Official: Larijani to meet ElBaradei in Vienna Friday

Earlier this month, Iran abruptly canceled talks with with the IAEA chief.

June 21, 2007 11:05
1 minute read.


Dear Reader,
As you can imagine, more people are reading The Jerusalem Post than ever before. Nevertheless, traditional business models are no longer sustainable and high-quality publications, like ours, are being forced to look for new ways to keep going. Unlike many other news organizations, we have not put up a paywall. We want to keep our journalism open and accessible and be able to keep providing you with news and analyses from the frontlines of Israel, the Middle East and the Jewish World.

As one of our loyal readers, we ask you to be our partner.

For $5 a month you will receive access to the following:

  • A user experience almost completely free of ads
  • Access to our Premium Section
  • Content from the award-winning Jerusalem Report and our monthly magazine to learn Hebrew - Ivrit
  • A brand new ePaper featuring the daily newspaper as it appears in print in Israel

Help us grow and continue telling Israel’s story to the world.

Thank you,

Ronit Hasin-Hochman, CEO, Jerusalem Post Group
Yaakov Katz, Editor-in-Chief


Iran's top nuclear negotiator, Ali Larijani, will meet the head of the UN nuclear watchdog agency this week as part of a push for a new round of talks over Tehran's disputed nuclear program, an Iranian nuclear official said Wednesday. Larijani will meet Mohamed ElBaradei, chief of the International Atomic Energy Agency in Vienna, Austria, on Friday, according to the deputy head of Iran's atomic energy organization, Mohammad Saeedi. In Vienna, the IAEA confirmed that ElBaradei would meet with Larijani on Friday morning, but declined to provide more details. Earlier this month, Iran abruptly canceled talks with ElBaradei, dashing hopes that Tehran is ready to end its secrecy about past suspicious nuclear activities. Saadi said the meeting with ElBaradei will come a day ahead of Saturday's Larijani talks with EU's foreign policy chief, Javier Solana, in Lisbon, Portugal. Larijani's trip to Austria and Spain is seen as an effort to find a way to bridge the impasse over Iran's rejection of UN Security Council demands that it suspend uranium enrichment despite two rounds of punitive UN sanctions. The enrichment process can produce fuel for civilian energy or fissile material for a bomb, depending on the level of enrichment. The United States and some of its allies fear that Iran is using its civilian nuclear program as a cover to produce atomic weapons. Iran denies the charge, saying its nuclear program is geared toward generating electricity. Iran says it is too late now to stop its nuclear program because it has already achieved proficiency in the cycle of nuclear fuel - from extracting uranium ore to enriching it. Teheran has vowed never to give up its right under the Nuclear Nonproliferation Treaty to enrich uranium and produce nuclear fuel.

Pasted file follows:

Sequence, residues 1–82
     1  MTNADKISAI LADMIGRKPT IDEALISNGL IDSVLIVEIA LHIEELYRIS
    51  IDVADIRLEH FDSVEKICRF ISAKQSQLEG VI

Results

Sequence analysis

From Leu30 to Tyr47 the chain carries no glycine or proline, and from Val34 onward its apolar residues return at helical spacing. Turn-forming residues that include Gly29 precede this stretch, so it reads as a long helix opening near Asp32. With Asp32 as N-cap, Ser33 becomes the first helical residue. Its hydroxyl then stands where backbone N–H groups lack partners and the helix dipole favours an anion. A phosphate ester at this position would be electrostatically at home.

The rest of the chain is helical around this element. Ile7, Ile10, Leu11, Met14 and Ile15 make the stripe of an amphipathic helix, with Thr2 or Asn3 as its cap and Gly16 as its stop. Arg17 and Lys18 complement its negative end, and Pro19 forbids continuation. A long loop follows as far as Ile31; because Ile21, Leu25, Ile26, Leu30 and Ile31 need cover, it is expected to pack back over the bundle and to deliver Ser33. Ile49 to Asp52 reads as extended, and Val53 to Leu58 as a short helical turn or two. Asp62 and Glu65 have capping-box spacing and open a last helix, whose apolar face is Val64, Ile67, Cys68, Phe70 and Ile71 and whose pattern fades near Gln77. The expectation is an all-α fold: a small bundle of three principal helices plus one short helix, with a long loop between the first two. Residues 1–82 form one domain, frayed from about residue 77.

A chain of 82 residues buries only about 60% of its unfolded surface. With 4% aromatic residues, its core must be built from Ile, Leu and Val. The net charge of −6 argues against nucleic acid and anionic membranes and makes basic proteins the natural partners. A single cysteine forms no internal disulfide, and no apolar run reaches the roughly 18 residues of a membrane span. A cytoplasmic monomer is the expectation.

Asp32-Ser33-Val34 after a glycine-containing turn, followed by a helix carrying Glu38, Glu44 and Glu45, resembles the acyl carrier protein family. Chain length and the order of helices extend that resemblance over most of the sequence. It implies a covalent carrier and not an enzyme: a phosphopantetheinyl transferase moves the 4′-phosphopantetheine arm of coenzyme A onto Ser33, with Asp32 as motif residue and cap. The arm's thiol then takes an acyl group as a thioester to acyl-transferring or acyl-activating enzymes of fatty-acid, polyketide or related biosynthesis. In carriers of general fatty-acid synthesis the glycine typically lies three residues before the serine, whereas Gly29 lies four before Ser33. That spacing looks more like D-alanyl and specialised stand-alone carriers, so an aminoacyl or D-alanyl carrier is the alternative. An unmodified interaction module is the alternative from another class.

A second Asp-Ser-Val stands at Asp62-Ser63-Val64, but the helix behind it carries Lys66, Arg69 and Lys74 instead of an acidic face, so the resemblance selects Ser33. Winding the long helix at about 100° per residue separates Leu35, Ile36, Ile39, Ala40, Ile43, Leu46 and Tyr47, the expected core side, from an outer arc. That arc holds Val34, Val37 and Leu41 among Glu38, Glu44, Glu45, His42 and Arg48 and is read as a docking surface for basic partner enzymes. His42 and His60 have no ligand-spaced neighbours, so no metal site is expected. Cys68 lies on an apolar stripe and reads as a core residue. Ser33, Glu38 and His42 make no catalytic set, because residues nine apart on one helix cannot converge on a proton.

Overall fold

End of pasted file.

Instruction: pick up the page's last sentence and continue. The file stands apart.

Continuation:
Join Jerusalem Post Premium Plus now for just $5 and upgrade your experience with an ads-free website and exclusive content. Click here>>

Related Content

Bushehr nuclear Iranian
August 5, 2014
Iran and the bomb: The future of negotiations